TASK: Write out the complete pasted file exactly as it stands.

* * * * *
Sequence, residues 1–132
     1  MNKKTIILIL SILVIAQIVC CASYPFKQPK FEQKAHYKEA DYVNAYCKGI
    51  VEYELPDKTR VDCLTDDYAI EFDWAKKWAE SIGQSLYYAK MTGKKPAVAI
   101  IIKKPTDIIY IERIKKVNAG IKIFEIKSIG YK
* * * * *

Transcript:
Sequence, residues 1–132
     1  MNKKTIILIL SILVIAQIVC CASYPFKQPK FEQKAHYKEA DYVNAYCKGI
    51  VEYELPDKTR VDCLTDDYAI EFDWAKKWAE SIGQSLYYAK MTGKKPAVAI
   101  IIKKPTDIIY IERIKKVNAG IKIFEIKSIG YK